I just watched Dr. Strange – and man, I was blown away. I was blown away with the morals of the movie (the idea of living for something greater than yourself), the visuals (surreal), and the cinematography was fantastic.
“Sharpness is a bourgeois (rich person) concept.” – Henri Cartier-Bresson
1. Softer lenses often have more soul
I remember when I started digital photography; the sharper the photo, the better.
In reality, a sharper photo is not a better photo. Often, a softer photograph gives you a more pleasing, soft, warm, and emotional aesthetic.
I want to encourage you — use your smartphone more for your photography.
First of all, what is the point of photography? The purpose of photography is to uplift your soul. To make meaning in your life; not photos.
Therefore, I believe that shooting with your smartphone is probably your best tool for photography. Why?
All photos included in this post are photographed on an Android smartphone, processed with VSCO.
There is nobody more important to photograph than our loved ones.
1. Why travel to photograph?
Why is it that we always try to photograph the exotic?
For example, it is more interesting to photograph a villager in some African tribe, than to photograph our partner.
It is more interesting to photograph a Parisian couple at a cafe drinking espressos, rather than to photograph our mother or father.
It is more interesting to photograph an epic sunset, rather than photograph our children, our friends, or ourselves.
I’m the first to admit that in the past, I gave far too many fudge ice cream cones what others thought of me, my photography, and my art.
Leonardo da Vinci was the ultimate ‘autodictat’ (someone who taught himself everything). He had no formal schooling, yet he didn’t let that get in his way. He was the world’s keenest observer— he would just look around himself, take notes, and followed his curiosity. He stayed like a child his entire life— never stopping learning, writing notes, or sketching.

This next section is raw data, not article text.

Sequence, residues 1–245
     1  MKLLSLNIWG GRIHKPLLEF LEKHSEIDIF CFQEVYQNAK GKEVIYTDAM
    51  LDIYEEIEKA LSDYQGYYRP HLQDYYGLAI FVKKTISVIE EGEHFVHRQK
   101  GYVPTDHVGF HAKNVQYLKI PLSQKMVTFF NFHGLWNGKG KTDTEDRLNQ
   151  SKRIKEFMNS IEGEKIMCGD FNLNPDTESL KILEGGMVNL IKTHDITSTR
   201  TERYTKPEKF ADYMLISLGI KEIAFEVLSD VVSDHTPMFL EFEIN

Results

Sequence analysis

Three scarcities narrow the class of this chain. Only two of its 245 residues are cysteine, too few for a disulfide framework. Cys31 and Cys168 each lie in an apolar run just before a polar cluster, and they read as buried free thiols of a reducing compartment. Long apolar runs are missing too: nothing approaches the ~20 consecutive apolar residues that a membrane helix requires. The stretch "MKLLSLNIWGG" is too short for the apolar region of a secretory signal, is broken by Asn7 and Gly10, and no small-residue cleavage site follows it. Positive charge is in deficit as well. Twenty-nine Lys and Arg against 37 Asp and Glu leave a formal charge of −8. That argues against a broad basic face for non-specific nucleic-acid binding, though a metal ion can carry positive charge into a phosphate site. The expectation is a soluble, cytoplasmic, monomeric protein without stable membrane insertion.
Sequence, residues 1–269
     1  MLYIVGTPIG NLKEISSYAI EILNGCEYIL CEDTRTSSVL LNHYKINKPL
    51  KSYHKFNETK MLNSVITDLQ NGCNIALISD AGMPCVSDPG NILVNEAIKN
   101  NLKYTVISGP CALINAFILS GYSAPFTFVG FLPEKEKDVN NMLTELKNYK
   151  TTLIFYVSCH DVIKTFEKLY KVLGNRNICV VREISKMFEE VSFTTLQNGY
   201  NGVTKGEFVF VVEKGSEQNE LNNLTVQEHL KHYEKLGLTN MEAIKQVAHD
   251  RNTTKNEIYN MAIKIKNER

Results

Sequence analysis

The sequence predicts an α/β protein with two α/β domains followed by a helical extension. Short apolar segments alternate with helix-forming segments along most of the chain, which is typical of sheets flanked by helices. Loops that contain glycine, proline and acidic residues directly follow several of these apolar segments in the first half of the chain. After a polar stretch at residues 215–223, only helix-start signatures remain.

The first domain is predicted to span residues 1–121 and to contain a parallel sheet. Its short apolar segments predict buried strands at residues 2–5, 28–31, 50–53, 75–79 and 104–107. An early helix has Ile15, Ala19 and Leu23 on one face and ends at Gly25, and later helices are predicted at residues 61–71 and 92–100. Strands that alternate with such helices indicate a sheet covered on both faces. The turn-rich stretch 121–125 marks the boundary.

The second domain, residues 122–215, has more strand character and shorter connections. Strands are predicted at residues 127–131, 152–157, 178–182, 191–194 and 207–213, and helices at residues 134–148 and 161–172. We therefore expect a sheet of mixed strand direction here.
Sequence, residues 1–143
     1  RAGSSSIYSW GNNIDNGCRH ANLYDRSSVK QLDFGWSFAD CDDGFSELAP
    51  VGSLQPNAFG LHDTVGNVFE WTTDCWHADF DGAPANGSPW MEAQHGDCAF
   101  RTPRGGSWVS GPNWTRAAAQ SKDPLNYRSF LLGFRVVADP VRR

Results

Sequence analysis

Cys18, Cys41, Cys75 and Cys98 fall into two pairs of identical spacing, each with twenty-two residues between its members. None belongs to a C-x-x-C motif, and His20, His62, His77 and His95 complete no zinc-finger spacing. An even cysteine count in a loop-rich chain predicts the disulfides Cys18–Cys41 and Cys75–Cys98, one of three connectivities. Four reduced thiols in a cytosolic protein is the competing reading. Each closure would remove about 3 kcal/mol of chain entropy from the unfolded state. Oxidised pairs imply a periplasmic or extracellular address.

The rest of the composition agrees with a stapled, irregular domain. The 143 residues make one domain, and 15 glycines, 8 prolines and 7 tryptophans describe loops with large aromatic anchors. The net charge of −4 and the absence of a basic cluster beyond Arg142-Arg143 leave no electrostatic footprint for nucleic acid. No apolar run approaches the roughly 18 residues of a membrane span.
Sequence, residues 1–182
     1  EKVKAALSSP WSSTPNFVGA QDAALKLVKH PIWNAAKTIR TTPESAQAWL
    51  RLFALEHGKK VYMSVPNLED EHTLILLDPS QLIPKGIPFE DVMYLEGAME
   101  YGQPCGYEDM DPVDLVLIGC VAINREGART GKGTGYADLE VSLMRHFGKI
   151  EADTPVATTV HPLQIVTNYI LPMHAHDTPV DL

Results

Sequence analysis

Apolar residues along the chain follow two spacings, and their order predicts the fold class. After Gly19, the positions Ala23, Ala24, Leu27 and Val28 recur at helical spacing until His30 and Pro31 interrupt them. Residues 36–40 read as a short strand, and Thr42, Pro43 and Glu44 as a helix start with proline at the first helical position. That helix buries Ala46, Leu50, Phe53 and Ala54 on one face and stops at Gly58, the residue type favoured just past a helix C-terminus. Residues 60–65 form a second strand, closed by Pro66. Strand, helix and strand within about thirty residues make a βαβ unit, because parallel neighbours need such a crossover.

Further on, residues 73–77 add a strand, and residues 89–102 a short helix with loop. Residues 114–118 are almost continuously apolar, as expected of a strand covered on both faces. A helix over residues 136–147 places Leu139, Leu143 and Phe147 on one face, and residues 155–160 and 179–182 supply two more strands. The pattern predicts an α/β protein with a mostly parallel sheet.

He is one of the most celebrated artists of all-time, and for good reason. He was one of the first to fuse mathematics, science, and art all together. Many of his anatomical drawings of the human body were used in medical schools for hundreds of years.
A lot of us labor to be ‘original’ in our photography— but realize, everything in photography and life is a remix:
One of the biggest benefits I had studying history was this — understanding the root and origin of a lot of ideas which I once thought were ‘original.’
For example, I remember when I started to shoot street photography, I imitated Henri Cartier-Bresson. But then a lot of people said I was ‘copying’ him — which made me feel unoriginal. But when I started to study the work of Henri Cartier-Bresson, I realized that a lot of his inspirations came from the surrealists, as well as Matisse, and the image which inspired him to start photography was a black and white photo of three boys playing by the water. Even his idea of ‘The Decisive Moment’ originated from a poem.
I wanted to write you a letter on the art of street photography, based on my personal experiences, my personal passion, and things I’ve learned along the way
1. Photography style
But what exactly is “style”?
For me, “style” in photography is about consistency of subject-matter and consistency of aesthetic (how the photo looks).
For example, if you want to build a definite “style” in your photography — seek to work on a photo project, where you focus on a specific subject-matter. You can focus on a specific person (personal documentary), you can focus on a certain city (your own hometown), or you can focus on a certain social issue.
One question I’ve been wondering to myself is this: is it better to have plans and goals in our photography, or to have none?
Should we just harness our spontaneity in the streets when making images, or have some concrete plan? Should we plan for the future? Should we expect things to go to plan? Should we have goals in our photography and life?